University of Bonn
Ventureño, a member of the Chumashan language family, was spoken in Coastal
Southern California and is extinct since the middle of the 20th century.
The language is documented in form of comprehensive notes by the renowned
field linguist John Peabody Harrington (1884-1961). Ventureño exhibits
numerous characteristics typical for the languages of Native Western North
America. Noun incorporation, however, does not play a significant role.
Ventureño has an elaborated consonantal system with a multitude of complex
segments and a velar-uvular distinction. The distribution of laryngeally
marked segments is subject to numerous constraints. In contrast to this,
the vowel system is simple, lacking a quantity distinction and diphthongs.
Vowel sequences are never permitted.
Morphophonologically, the language shows a considerable degree of
complexity. Ventureño’s most noticeable facet is sibilant harmony,
regimenting the distribution of sibilant segments which are all anterior or
non-anterior in a word. Different vowel harmonic processes are operative;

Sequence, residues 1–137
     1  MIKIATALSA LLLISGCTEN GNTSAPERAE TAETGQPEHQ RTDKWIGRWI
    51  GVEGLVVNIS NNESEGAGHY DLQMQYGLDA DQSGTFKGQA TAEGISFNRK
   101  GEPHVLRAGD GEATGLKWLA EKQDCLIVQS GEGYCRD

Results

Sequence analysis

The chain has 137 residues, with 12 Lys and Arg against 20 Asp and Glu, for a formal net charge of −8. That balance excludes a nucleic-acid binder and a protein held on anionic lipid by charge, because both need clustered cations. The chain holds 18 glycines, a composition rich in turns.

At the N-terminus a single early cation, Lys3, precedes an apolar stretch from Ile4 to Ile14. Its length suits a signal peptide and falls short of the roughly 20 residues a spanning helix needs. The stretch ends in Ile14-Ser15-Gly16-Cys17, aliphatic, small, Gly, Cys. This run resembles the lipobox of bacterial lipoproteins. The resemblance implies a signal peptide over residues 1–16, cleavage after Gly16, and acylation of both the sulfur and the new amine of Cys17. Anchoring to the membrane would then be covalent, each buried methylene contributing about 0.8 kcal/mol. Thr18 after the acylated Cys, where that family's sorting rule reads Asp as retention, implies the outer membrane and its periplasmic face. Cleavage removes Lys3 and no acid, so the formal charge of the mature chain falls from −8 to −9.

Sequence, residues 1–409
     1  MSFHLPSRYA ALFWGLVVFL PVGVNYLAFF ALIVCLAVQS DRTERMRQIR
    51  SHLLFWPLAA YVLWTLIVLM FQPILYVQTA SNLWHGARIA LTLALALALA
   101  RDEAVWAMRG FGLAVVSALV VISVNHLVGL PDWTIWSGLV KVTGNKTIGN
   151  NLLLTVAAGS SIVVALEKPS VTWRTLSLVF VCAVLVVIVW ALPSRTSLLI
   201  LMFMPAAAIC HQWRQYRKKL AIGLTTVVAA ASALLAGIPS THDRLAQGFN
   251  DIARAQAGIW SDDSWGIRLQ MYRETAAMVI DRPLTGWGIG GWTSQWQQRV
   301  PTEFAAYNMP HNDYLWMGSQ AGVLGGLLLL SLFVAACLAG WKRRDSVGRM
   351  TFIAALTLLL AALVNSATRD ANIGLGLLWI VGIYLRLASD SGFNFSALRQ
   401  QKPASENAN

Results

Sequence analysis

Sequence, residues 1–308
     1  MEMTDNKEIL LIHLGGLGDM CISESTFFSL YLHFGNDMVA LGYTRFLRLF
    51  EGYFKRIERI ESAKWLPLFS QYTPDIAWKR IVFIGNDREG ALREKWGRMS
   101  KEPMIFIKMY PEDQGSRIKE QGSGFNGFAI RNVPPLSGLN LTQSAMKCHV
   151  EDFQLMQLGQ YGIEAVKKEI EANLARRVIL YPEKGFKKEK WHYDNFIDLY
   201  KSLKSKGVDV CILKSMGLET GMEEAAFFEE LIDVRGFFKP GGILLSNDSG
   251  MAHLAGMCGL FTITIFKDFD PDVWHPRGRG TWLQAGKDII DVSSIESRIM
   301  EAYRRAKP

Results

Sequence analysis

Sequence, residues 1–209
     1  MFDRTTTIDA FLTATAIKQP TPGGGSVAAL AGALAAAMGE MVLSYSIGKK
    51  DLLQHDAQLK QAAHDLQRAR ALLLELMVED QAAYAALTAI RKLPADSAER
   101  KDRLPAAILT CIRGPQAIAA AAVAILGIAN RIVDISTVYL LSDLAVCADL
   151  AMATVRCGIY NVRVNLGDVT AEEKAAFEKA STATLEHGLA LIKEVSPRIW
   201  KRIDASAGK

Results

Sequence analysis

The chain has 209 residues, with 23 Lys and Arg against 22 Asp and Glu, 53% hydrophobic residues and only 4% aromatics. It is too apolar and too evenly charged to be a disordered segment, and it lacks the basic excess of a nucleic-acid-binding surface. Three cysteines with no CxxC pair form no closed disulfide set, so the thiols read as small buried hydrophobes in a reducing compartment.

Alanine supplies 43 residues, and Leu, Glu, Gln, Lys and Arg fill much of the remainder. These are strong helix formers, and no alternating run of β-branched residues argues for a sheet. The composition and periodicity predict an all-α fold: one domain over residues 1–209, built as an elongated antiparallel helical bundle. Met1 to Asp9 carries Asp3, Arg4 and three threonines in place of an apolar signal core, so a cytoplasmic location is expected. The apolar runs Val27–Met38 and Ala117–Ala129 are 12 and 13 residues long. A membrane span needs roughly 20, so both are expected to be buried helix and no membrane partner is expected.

consonantal ablaut is grammatically productive. Ventureño exhibits a
tendency to express several grammatical categories by reduplication. The
reduplicative patterns are variable and noticeable in cross-linguistic
Ventureño is a polysynthetic-agglutinating language and predominantly
prefixing. It is head-marking and shows a nominative-accusative alignment.
The distinction between active and passive voice is morphologically marked.
Ventureño may be described as a «pronominal argument language»: nominals
usually have the status of adjuncts, every verb can function as a sentence
alone. The noun-verb distinction is not particularly robust; an
establishment of lexical categories generally appears challenging.
Pronominal prefixes, distinguishing three persons and numbers, refer to a
possessor in construction with nouns and to the subject argument with
verbs. Suffixed object markers distinguish two numbers only.
Ventureño verbs can exhibit a considerable degree of intricacy. The
language has an elaborated set of over hundred derivational markers,
traditionally labeled «instrumental» prefixes. They predominantly indicate
manner meanings, cross-linguistically expressed by adverbs or adpositions.
Ventureño nouns, which can be marked for tense, typically appear with a
proclitic article and a demonstrative determiner. Nouns are not marked for
case, there is no grammatical gender. With possessed nouns, an alienability
distinction is morphologically marked to a certain extent. Ventureño shows
a VOS basic constituent order; the roles of constituents are hardly
morphosyntactically specified. The language exhibits a strong tendency for
nominalization as well as relativization; furthermore, cleft-sentence
constructions are common.
ISBN 9783895867873. Languages of the World/Materials 473. 120pp. 2008.